Controversial county mining amendments approved
Lee County has amended its rules on how limerock mines are approved.
The Lee County Board of County Commissioners voted 3-1 on June 19 to remove limerock zoning Map 14 and a supply/demand component that required there be a need for additional limerock mines to receive approval by county staff and commissioners.
Before voting on the amendments adoption, commissioners heard more than three hours of public comment on the county’s staff plan, which asked for the elimination of zoning map restrictions governing where mines can operate and the requirement for supply/demand studies that needed to show a need for new mines.
More than 50 members of the public voiced their opinions, mostly objections, to the proposed changes to the current comp plan for limerock mining.
Commissioner Cecil Pendergrass was critical of some of those who spoke in opposition to the changes, saying the majority of comments were politically driven.
He said he felt confident the changes would not “deregulate” limerock mining.
“For the last few months my questions were answered as to whether this will increase mining or deregulate mining, the answer is no, no, no. If it did take away regulations and it did increase mining, then I couldn’t support it,” Pendergrass said.
The final decision as whether to support the amendments or not came when Commissioner John Manning, who had expressed reservations previously, decided to vote in favor with Pendergrass and Commissioner Brian Hamman.
Commissioner Frank Mann, who served on the board when the limerock mining rules were adopted, remained opposed to the changes and voted against the amendments.
Mann reminded the current board as to why the prior board made these decisions in regards to mining rules.
“Our own staff strongly recommended the language we adopted, our attorneys were perfectly happy with the language that we adopted. We even hired outside consultants that strongly supported the language we are now about to change,” Mann said.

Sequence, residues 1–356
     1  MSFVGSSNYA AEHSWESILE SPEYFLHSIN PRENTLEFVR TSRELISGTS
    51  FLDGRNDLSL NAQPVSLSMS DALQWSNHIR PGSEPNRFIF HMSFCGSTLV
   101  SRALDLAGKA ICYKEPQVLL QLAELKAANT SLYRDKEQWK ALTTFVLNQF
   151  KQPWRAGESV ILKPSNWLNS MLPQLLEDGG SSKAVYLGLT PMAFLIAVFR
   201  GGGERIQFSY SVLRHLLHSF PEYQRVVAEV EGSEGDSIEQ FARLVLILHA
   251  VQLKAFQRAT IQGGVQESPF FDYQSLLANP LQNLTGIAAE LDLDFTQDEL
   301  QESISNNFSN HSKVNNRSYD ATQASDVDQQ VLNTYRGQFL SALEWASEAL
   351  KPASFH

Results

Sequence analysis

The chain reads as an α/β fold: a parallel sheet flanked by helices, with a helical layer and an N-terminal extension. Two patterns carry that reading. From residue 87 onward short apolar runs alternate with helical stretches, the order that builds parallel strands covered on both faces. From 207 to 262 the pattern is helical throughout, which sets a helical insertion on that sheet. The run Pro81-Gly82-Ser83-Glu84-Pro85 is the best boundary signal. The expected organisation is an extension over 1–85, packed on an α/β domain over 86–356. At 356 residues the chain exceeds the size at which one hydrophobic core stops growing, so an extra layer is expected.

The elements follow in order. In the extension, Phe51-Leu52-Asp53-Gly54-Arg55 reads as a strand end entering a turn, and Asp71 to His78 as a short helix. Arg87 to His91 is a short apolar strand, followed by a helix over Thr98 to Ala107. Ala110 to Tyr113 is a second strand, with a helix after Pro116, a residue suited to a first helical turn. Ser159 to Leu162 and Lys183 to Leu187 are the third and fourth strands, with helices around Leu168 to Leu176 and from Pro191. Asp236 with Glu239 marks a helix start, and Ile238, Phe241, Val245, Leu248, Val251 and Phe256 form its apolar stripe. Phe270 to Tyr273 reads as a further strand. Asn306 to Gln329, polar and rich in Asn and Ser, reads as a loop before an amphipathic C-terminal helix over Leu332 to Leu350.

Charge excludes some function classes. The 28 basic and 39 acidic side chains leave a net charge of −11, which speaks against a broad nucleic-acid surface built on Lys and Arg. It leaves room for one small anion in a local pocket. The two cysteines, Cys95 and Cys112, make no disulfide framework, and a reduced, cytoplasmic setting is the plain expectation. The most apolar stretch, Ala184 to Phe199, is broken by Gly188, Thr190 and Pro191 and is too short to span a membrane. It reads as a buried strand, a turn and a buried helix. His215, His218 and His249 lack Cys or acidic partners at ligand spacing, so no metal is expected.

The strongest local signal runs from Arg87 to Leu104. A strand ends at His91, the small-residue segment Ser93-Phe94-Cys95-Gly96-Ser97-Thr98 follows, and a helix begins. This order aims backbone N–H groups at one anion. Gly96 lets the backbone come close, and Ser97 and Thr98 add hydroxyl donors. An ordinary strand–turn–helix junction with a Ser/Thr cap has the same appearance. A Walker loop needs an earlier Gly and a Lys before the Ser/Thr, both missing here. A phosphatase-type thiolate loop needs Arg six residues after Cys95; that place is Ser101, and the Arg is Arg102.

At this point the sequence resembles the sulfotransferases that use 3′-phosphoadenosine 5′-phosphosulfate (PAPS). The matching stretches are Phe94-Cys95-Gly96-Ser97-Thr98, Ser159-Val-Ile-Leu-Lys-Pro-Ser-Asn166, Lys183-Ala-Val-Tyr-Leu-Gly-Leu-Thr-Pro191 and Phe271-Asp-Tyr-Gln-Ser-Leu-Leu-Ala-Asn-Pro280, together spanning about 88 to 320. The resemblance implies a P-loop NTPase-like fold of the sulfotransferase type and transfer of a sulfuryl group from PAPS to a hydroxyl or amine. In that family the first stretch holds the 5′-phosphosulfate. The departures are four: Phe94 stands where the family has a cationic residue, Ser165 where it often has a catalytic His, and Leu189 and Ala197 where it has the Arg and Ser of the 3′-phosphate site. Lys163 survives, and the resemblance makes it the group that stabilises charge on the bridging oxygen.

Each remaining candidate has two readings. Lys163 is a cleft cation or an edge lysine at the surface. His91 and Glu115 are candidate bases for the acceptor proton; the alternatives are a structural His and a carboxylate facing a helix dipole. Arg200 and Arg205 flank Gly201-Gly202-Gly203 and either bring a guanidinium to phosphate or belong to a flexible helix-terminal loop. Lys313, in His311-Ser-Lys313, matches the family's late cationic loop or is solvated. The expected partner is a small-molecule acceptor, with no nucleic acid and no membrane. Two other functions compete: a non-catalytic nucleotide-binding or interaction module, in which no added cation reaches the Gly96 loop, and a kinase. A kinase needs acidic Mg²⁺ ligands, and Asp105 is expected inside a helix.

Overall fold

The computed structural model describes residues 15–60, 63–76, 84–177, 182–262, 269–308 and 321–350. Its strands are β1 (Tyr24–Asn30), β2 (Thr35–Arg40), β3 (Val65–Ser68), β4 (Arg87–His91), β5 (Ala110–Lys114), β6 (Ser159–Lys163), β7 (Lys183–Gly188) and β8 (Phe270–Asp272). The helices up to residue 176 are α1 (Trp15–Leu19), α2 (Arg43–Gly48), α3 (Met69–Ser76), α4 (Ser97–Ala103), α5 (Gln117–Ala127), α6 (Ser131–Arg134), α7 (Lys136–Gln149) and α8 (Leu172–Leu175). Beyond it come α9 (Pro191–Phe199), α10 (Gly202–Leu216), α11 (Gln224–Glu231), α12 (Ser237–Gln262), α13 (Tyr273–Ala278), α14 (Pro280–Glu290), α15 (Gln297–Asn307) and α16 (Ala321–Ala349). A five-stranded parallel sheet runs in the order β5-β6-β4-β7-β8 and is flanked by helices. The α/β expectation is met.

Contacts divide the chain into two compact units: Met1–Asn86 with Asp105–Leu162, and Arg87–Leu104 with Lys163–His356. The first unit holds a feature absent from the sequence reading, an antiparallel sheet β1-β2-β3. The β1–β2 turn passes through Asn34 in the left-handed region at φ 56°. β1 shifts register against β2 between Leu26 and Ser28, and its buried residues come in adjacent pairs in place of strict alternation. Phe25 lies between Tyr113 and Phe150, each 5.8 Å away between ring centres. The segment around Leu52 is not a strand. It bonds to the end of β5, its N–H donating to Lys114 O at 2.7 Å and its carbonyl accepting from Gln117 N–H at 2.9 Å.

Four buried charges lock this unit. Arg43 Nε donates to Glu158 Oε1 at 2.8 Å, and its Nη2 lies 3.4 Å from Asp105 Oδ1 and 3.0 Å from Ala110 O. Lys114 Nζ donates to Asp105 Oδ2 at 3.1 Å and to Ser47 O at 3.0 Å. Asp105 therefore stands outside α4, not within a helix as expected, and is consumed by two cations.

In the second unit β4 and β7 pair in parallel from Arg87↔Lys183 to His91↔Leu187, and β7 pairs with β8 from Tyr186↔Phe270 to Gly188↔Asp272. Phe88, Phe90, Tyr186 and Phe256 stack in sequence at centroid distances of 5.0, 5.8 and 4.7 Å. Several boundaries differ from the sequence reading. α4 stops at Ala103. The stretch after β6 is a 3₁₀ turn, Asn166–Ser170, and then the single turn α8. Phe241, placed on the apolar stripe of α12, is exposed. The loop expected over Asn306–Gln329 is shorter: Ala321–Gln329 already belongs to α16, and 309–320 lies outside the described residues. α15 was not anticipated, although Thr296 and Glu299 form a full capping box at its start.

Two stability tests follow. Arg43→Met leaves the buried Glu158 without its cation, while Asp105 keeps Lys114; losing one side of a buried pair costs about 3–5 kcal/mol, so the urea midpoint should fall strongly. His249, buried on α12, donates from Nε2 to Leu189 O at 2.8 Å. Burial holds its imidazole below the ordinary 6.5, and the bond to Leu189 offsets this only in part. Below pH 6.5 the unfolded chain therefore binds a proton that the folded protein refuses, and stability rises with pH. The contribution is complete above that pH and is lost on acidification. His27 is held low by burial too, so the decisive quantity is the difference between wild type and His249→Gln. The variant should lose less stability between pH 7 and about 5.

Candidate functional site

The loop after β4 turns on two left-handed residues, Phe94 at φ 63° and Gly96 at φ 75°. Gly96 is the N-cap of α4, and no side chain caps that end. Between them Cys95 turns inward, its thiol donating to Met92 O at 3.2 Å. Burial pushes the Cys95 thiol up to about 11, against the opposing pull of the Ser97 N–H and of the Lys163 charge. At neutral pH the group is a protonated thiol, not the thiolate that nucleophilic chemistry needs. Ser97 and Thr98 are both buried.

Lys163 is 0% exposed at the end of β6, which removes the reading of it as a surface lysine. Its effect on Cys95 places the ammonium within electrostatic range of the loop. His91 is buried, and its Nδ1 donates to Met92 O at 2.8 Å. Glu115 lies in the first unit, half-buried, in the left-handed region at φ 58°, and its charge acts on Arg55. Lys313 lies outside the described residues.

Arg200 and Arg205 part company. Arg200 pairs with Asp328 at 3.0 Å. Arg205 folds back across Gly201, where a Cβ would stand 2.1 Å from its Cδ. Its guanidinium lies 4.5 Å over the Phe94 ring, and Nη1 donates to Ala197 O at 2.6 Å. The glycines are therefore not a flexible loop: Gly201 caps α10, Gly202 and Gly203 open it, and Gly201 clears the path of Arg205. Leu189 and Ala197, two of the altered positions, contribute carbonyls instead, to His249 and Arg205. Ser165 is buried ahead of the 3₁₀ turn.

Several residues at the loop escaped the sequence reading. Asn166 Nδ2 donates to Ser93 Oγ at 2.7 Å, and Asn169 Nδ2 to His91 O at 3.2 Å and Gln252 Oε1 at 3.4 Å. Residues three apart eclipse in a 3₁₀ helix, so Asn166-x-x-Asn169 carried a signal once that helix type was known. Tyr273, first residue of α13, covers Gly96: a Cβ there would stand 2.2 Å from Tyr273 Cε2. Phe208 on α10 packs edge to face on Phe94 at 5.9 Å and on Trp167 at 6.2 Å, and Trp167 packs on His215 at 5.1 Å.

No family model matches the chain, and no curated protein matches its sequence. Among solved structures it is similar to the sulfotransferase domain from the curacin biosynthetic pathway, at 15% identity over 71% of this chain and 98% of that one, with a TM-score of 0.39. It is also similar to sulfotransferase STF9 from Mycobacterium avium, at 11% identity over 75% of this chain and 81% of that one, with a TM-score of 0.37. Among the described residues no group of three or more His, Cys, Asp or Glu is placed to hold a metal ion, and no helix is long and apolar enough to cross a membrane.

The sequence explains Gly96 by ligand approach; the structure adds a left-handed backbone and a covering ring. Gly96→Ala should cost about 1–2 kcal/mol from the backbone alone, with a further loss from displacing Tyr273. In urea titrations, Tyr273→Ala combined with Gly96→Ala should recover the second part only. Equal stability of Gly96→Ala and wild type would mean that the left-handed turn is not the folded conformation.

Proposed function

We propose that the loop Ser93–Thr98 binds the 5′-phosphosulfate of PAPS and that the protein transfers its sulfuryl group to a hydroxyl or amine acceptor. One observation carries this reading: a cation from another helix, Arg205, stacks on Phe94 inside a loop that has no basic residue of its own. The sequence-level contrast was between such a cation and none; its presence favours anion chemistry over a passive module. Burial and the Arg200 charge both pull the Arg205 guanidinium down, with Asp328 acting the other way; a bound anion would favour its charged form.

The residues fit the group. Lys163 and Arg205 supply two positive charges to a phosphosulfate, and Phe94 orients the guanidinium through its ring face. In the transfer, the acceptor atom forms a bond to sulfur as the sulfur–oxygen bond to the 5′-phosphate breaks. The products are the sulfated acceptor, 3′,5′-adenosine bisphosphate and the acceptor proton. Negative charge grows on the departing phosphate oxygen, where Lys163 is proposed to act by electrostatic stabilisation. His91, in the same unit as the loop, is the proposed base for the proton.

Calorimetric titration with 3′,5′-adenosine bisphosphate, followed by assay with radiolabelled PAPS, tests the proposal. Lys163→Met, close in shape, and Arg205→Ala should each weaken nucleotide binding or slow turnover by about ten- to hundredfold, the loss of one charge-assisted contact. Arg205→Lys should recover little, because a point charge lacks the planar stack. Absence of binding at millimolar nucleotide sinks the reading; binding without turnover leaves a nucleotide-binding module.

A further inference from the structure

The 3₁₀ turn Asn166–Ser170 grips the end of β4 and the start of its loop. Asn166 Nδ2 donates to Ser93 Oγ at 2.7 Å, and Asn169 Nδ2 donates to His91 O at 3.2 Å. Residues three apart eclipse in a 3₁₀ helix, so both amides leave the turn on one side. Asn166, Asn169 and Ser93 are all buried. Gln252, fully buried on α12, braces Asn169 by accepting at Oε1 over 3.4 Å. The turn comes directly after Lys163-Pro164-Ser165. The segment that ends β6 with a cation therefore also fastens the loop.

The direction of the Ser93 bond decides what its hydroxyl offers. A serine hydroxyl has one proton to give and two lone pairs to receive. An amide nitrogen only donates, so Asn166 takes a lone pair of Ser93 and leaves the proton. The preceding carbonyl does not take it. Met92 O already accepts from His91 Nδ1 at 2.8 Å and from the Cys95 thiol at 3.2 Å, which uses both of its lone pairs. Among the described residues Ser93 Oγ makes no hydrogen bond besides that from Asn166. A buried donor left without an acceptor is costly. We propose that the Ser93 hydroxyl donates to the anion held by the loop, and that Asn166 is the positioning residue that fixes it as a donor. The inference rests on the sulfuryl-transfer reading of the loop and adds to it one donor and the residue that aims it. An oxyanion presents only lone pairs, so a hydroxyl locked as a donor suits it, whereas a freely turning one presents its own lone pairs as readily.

Opposition was heavy.
Among those opposed were elected officials and representatives of conservation groups.
Julianne Thomas, of the Nature Conservancy of Southwest Florida, said that while not surprised, the group hoped that Manning might have changed his mind, because he was reluctant to second the motion during the transmittal hearing.
“I don’t know how the county can say it will not affect the future of limerock mines now that Map 14 is gone. For example, Troyer Brothers mine had a comp plan amendment that was already transmitted to the state and up for adoption review. Now that can’t happen because you can’t adopt to a plan that no longer exist,” Thomas said.
According to Thomas, Troyer Brothers had asked for four extensions to postpone its comp plan amendment and now it no longer will have to go through a comp plan adoption hearing.
Another change that the elimination of Map 14 brings about is limitation of the public’s opportunity to petition and be involved in the comp plan process.
“Here in Lee County people are prohibited from speaking to the commissioners on zoning matters. This is not a common thing in other parts of Florida. In our view, it’s important that the public be involved in matters of zoning,” Thomas said.
According to Thomas, the Nature Conservancy had a chance to meet with the county commissioners prior to the hearings and suggested that they consider looking into an independent report prior to accepting the changes.
“We asked that they not just follow the comp plan amendments their staff was suggesting and instead take some time to research it,” Thomas said. “I really feel the county missed a great opportunity to have the public more involved with the limerock mining zone process and it could have been beneficial to have everyone’s input going forward on what’s best for Lee County.”
Following the adoption of the amendments, there will be a 30-day period for special interest groups and citizens to challenge the county’s decision at a state level.